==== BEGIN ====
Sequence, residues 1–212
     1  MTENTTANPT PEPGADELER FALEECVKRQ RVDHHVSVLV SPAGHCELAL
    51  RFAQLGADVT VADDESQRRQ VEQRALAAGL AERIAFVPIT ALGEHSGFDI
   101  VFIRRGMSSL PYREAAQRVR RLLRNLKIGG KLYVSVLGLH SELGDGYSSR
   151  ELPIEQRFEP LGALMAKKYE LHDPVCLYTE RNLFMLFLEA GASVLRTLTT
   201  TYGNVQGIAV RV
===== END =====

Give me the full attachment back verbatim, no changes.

Sequence, residues 1–212
     1  MTENTTANPT PEPGADELER FALEECVKRQ RVDHHVSVLV SPAGHCELAL
    51  RFAQLGADVT VADDESQRRQ VEQRALAAGL AERIAFVPIT ALGEHSGFDI
   101  VFIRRGMSSL PYREAAQRVR RLLRNLKIGG KLYVSVLGLH SELGDGYSSR
   151  ELPIEQRFEP LGALMAKKYE LHDPVCLYTE RNLFMLFLEA GASVLRTLTT
   201  TYGNVQGIAV RV